My French garden: winter in Limousin
For Katherine Forshaw, the winter months in the garden are spent tidying, taming and replenishing the soil in readiness for the next growing year
Since the first frosts and snow of winter can arrive in Limousin any time from the end of October onwards, my motto for winter gardening is ‘always be prepared’. As we head towards the end of the year, I make sure that garden fleeces have been bought and that I keep a keen eye on the météo forecasts.
With winter night-time temperatures regularly dipping towards -8ºC, often accompanied by freezing northerly winds which blow across the fields into our garden, I have tried to avoid including too many tender shrubs in my borders. Instead, I have opted for more frost-hardy varieties such as Pyracantha angustifolia ‘Saphyr Red’, Cornus alba ‘Sibirica’ and Physocarpus opulifolius ‘Diable d’Or’.
That said, my heart often wins over my head, and although I know it’s asking for trouble I have been tempted to include a few non-hardy shrubs in my garden. So far these have survived, but I have to ensure that the fleeces come out and are carefully wrapped around these plants as soon as the weather is forecast to dip into the minus figures for a few consecutive nights. The more tender shrubs I have planted in my garden include Fatsia japonica, Gunnera manicata and Camellia, though I only cover the latter in very cold years.
As winter approaches the flowering period for most plants comes to an end, but rather than deadheading these last blooms I prefer to leave them to form seed heads. To me, the seed heads add interest and stature to the garden during the coldest months; they look beautiful tinged with frost or skittered with snow. They also provide much-needed food for birds during the winter months that particularly enjoy feeding from the seed heads of my Rudbeckia fulgida, Echinacea purpurea, Miscanthus sinensis ‘Zebrinus’, Aster frikartii ‘Mönch’, and Zinnia.
Looking after wildlife during the winter months is particularly important as many food sources are hibernating and grubs are buried deep in the hard frost or snow-covered ground. While seed heads left on plants help, I also make sure we have plenty of bird food and that our petite source is running freely so they have water. Having a huge holly bush in the front garden laden with lovely red berries is a bonus.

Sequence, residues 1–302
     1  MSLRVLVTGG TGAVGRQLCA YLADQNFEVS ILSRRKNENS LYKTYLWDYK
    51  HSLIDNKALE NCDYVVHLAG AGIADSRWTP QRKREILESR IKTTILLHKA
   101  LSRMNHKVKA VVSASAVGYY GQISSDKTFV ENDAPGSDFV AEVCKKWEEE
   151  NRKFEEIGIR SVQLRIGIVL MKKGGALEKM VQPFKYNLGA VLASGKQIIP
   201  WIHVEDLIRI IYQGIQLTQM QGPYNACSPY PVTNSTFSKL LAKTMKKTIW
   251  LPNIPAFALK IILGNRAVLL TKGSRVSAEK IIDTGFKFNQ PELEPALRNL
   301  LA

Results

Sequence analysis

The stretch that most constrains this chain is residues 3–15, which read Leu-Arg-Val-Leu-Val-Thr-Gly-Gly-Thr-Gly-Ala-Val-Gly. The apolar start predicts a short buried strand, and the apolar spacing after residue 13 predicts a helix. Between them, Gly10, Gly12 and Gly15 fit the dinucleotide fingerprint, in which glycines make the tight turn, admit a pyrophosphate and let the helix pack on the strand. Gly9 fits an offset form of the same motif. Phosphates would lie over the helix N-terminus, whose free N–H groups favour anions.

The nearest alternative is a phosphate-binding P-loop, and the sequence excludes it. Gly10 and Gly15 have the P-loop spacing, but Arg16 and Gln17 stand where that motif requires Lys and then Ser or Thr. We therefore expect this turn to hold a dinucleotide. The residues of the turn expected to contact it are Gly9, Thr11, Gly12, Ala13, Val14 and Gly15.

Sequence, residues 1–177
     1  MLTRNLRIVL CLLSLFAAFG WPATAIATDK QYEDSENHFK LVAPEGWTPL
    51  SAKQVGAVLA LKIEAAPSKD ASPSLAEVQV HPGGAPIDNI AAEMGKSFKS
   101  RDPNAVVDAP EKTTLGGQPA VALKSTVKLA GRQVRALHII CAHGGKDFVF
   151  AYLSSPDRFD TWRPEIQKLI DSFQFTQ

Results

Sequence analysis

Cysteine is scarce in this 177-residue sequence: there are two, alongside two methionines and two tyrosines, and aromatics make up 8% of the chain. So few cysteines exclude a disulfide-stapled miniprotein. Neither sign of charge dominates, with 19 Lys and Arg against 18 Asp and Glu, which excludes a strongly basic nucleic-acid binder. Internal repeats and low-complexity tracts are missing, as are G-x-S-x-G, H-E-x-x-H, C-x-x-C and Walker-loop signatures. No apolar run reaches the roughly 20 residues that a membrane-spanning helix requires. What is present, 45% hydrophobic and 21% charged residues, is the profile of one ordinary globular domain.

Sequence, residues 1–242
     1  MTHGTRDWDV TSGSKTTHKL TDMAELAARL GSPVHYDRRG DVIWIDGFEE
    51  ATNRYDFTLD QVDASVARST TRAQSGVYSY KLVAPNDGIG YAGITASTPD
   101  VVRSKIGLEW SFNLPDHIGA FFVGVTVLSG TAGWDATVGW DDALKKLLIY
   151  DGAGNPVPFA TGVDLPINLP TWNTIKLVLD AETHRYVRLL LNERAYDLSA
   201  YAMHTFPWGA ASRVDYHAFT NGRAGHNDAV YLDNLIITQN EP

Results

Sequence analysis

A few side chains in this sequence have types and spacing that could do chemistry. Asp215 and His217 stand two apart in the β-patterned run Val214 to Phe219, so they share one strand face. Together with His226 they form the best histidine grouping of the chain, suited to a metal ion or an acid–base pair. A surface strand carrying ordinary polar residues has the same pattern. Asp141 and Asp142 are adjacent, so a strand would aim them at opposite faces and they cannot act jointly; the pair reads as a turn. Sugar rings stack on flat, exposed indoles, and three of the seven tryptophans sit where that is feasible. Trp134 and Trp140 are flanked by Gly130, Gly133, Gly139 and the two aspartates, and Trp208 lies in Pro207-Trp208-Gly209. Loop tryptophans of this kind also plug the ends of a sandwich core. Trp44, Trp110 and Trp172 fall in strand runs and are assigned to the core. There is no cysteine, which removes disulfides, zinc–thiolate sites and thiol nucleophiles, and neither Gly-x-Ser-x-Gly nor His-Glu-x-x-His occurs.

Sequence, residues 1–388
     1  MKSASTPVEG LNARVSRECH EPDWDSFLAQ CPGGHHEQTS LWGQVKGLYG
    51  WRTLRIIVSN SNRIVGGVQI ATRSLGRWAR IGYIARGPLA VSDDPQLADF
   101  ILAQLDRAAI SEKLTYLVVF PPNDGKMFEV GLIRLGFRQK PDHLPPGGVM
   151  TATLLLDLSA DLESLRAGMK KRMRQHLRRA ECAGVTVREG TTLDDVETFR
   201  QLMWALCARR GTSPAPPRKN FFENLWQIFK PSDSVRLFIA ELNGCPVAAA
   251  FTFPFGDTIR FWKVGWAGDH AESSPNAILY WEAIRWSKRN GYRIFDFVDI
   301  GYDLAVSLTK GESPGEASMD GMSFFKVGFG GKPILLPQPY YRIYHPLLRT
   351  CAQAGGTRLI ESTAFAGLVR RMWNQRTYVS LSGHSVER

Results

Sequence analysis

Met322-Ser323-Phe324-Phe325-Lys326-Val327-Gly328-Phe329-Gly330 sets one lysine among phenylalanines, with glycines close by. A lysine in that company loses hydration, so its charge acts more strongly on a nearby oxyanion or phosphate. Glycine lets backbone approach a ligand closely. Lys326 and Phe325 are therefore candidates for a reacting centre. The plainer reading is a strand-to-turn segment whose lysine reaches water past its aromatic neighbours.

For me the winter months in the garden are mainly spent tidying, taming and replenishing the soil in readiness for the next growing year. Before the first frosts arrive we make our annual pilgrimage to the local riding stables in search of well-aged fumier de cheval (horse manure) for the vegetable garden. Dug into the soil during the early winter months, the horse manure will help to replenish the nutrients used by the vegetables the season before.
My favourite winter days are those when the sky is blue, the sun is shining, yet frost rests on the ground. The white-tinged Limousin countryside looks beautiful and the temperature is ideal for tackling those dreaded jobs such as cutting back and pulling up brambles. Blackberry bushes are our biggest bugbear. Although great for foraging from in early September, they grow at a rate of knots and often creep into our garden from the edges of the field. There’s no easy way of keeping them under control; it’s just a case of cutting them back and trying to pull up their vigorous roots. It’s the perfect job to keep you warm on a winter’s day!
We have lived here for more than six years now and have experienced a few white Christmases, but it is during January and February that snow is most likely to cover the garden for weeks on end. At times the snow will reach your knees and on days like this there’s little else you can do other than think about gardening projects for the year ahead. So, on days like this I sit in front of the crackling woodburner, a glass of wine to hand, seed packets and seed catalogues scattered around me and make my plans for the next growing year. Parfait!
Katherine Forshaw and her husband Paul moved from Manchester to Corrèze in Limousin in 2010. She developed a love of gardening and shares her knowledge on her blog, Le Jardin Perdu. jardin-perdu.com
Snow can arrive in Limousin any time from the end of October